Another way to minimize debt is by leveraging the resources of established partners. For instance, Amway provides its Independent Business Owners with quality health, beauty, and home care products, as well as marketing materials and sales training, significantly reducing costs such as product development and market research.

Joining forces with a promotional partner is another example of a way to reduce your operating costs. For instance, if you can persuade a partner to promote you to their social media following or email list in exchange for a percentage of the profits they help you generate, you can reach your partner’s customer base for a fraction of what it would cost you to acquire their customers through your own marketing efforts.

Explore Alternative Financing Methods

Leveraging financing alternatives is another key to keeping your business debt low. One alternative to traditional business loans is bootstrapping. This is a type of financing arrangement where you secure short-term credit on the strength of anticipated sales revenue. For instance, if you anticipate you can sell the items in a shipment within a 30-day time period, you might be able to persuade a supplier to extend you trade credit for 60 days, giving you enough time to pay them back from sales you make during that time. Another method of bootstrapping is factoring, where a commercial finance company agrees to buy your receivables in order to provide you with the capital necessary to make your sales. Bootstrapping can work well if your product has a fast sales cycle or if your company serves a middle role in a supply chain. However, it does carry some risk if you are unable to make your anticipated sales, so plan your marketing and sales carefully if you plan to use bootstrapping strategies.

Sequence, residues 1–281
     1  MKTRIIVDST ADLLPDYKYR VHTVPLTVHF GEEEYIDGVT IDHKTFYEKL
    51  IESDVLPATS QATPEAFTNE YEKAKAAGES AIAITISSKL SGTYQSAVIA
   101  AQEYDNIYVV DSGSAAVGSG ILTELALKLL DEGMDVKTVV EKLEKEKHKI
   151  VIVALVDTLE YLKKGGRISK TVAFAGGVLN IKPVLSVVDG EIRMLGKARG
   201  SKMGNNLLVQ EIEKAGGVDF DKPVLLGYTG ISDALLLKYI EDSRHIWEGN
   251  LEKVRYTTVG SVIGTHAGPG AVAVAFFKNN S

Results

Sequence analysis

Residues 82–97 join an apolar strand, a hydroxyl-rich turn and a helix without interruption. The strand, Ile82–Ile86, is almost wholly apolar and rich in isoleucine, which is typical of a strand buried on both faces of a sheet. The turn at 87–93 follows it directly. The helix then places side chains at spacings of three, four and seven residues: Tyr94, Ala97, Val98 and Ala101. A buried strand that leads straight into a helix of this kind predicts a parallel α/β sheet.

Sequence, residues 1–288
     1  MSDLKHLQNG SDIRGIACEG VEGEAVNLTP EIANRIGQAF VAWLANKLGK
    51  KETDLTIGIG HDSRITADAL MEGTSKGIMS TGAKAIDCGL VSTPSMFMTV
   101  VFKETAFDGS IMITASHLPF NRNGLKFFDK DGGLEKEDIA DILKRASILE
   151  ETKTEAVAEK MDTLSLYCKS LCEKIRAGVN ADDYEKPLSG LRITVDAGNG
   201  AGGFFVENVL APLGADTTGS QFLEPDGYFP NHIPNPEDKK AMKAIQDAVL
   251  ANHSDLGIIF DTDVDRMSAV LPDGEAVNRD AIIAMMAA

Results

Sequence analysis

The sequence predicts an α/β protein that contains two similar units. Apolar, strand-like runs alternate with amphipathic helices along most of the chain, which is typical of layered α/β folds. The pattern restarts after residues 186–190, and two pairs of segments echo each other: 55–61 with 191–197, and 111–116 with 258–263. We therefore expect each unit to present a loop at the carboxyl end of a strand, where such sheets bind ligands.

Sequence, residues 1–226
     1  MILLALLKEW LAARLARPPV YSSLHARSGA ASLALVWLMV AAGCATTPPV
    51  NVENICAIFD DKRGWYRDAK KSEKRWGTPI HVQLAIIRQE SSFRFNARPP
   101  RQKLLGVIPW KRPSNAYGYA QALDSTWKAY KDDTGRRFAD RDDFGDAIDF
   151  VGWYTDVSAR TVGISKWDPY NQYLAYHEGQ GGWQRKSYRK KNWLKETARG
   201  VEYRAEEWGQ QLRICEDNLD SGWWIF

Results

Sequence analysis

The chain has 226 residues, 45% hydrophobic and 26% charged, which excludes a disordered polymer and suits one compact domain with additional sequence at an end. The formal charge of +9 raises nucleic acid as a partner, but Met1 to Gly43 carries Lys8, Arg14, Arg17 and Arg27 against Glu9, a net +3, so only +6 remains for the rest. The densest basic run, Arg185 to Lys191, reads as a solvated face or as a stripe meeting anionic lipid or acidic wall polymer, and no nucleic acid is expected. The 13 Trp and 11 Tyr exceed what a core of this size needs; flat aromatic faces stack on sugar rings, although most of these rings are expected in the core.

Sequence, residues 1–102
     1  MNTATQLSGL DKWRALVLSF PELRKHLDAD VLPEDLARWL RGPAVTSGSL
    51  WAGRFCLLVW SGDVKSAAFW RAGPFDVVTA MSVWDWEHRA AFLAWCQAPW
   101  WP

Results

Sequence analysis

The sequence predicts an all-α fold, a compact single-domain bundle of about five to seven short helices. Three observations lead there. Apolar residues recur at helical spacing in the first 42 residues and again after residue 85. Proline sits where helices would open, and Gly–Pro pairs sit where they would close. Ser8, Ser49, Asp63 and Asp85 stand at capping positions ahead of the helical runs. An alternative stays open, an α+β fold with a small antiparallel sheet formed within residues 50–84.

Another alternative financing strategy is revenue-based financing. Here you make an agreement with a creditor to repay their loan out of the revenue you generate from using it. For instance, Lighter Capital lends companies up to a third of their annual revenue, with repayment amounts due based on monthly sales. To obtain this type of financing, you need a consistent revenue stream, and a good business and personal credit rating will also improve your odds.

Maintaining a good credit rating will boost your ability to obtain traditional loans, lines of credit, venture capital, and other types of financing as well. To develop a good business credit rating, pay your suppliers and creditors on time, apply for a business credit card, and maintain good personal credit by keeping your balances within 20 percent of their limits and paying your bills on time.


Building debt ceilings into your business budget will help you keep your expenses proportionate to your revenue. Using debt minimization strategies will keep your debt low by reducing the amount your business spends. Alternative financing methods such as bootstrapping and revenue-based financing can allow you to finance your operations out of your short-term revenue instead of taking on long-term debt. Employing these types of strategies can help keep your debt down so that your business stays profitable.

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  1. Jen Rodrigues July 10, 2018
  2. Beth Minyard July 13, 2018
  3. Tara Liebing July 17, 2018